Zsofia Paulikovics explores the power of fangirldom.

During a recent gig, Harry Styles performed ‘Stockholm Syndrome’ by One Direction, a hit single from the band of which he was the frontman until their separation in 2016. He has barely touched his guitar before the crowd erupts into a collective female scream; by the chorus, the audience is almost louder than Styles; by the second verse he’s stopped singing, and stands on stage, smiling and listening. He looks touched but not surprised. A month before the release of his first solo album, Styles gave an exclusive interview to Rolling Stone. When the interviewer asked him whether he struggles to prove his credibility given that a large percentage of his fans are young girls, he gave an impassioned answer:

‘Who’s to say that young girls who like pop music – short for popular, right? – have worse musical taste than a 30-year-old hipster guy? That’s not up to you to say…Teenage-girl fans – they don’t lie. If they like you, they’re there. They don’t act ‘too cool.’ They like you, and they tell you. Which is sick.’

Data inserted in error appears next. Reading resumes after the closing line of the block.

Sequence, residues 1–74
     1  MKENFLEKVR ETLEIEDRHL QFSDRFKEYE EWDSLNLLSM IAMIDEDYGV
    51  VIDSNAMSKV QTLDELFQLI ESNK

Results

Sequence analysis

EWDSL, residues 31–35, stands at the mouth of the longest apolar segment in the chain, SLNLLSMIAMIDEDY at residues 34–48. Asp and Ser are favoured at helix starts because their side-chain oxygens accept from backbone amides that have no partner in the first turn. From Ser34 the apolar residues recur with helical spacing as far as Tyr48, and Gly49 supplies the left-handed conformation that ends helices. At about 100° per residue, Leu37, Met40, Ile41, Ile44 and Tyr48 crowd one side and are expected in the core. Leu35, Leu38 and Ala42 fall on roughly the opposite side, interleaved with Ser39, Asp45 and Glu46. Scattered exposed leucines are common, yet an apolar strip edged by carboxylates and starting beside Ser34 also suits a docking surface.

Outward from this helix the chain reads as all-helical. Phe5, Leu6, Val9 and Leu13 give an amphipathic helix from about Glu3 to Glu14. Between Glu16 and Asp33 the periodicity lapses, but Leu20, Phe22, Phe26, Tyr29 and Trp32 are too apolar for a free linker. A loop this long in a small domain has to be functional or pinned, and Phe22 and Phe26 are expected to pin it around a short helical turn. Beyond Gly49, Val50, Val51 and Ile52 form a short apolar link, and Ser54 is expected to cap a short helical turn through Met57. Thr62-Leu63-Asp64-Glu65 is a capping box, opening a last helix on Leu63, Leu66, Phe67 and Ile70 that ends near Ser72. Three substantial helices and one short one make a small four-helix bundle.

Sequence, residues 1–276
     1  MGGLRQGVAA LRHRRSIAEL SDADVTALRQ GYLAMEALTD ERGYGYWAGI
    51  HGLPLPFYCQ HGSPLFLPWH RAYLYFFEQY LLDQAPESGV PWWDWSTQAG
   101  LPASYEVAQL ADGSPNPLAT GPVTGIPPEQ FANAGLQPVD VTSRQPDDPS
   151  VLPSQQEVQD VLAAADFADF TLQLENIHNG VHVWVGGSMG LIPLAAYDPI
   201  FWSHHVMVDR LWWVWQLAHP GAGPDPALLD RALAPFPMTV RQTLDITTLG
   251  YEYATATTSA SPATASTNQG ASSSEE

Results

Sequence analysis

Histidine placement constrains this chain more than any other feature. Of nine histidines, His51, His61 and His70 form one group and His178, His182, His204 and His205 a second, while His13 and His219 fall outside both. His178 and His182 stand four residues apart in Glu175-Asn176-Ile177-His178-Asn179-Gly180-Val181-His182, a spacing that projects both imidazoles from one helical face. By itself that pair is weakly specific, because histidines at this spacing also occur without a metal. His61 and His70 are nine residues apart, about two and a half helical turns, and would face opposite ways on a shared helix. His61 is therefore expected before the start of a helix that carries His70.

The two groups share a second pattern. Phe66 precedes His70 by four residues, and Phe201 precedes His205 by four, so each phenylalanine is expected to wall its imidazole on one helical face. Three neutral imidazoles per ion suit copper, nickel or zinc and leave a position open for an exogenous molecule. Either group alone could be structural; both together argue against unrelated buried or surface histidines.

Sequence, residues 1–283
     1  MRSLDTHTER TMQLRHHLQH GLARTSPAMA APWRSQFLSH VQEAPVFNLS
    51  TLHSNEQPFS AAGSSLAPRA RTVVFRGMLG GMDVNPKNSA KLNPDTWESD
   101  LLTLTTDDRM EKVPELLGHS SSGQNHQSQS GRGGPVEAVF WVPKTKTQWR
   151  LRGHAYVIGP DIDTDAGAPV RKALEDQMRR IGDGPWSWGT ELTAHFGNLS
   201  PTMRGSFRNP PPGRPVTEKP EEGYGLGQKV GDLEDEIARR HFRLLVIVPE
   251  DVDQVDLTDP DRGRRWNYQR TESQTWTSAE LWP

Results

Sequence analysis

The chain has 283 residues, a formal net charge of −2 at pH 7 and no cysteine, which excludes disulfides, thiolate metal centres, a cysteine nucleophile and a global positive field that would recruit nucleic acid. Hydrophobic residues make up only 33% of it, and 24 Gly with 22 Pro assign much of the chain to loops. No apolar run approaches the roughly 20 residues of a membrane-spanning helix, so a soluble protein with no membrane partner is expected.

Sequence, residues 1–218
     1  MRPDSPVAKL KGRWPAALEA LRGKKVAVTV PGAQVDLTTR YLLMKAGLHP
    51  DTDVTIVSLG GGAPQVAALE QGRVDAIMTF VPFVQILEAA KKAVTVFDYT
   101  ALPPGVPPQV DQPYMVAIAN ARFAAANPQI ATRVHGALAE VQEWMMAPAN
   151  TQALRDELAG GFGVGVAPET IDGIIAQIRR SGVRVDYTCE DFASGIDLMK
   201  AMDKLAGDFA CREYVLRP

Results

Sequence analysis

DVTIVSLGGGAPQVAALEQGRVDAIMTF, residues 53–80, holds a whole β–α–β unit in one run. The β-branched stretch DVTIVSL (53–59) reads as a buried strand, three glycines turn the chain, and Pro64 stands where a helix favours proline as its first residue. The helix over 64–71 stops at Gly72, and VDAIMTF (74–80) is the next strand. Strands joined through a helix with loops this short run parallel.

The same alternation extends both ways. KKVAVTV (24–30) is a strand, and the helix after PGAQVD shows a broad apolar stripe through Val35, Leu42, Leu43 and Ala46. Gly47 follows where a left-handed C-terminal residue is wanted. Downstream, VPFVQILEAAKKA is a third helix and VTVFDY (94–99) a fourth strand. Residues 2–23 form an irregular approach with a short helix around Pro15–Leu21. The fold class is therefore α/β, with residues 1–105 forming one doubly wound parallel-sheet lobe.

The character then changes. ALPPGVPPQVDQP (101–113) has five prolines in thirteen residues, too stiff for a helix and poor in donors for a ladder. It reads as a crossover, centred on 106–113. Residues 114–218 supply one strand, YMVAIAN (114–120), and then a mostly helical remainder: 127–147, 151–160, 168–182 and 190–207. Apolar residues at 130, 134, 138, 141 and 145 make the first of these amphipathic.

Following his separation from One Direction, ex-member Zayn Malik also commented on the idea of coolness, famously admitting that One Direction’s music was not quite to his taste. ‘If I was sat at a dinner date with a girl, I would play some cool shit you know what I mean? I want to make music that I think is cool shit’. Zayn’s solo trajectory has seen him move decidedly away from pop: the songs in his first solo album, Mind of Mine, are mainly R&B and hip hop, and have a darker, more nuanced sound – at least relative to One Direction’s sugary hits. Liam Payne might have had a similar motivation behind his first solo single ‘Strip That Down’. His sound is not a radical break from his pop background, but the single is decisively different from his previous band, which he himself references: ‘You know, I used to be in 1D (now I’m out, free) / People want me for one thing (that’s not me)’. The sort of ‘coolness’ that Malik and Payne lust after is very different from that described by Styles. They appear embarrassed by their boyband past, eager to disown it and progress on to a more adult, reserved sound. By distancing themselves from their old music, they simultaneously distance themselves from the young women who fell in love with their records. Styles does the opposite – he embraces it, welcoming his adoring young female fans back into the fold in the process.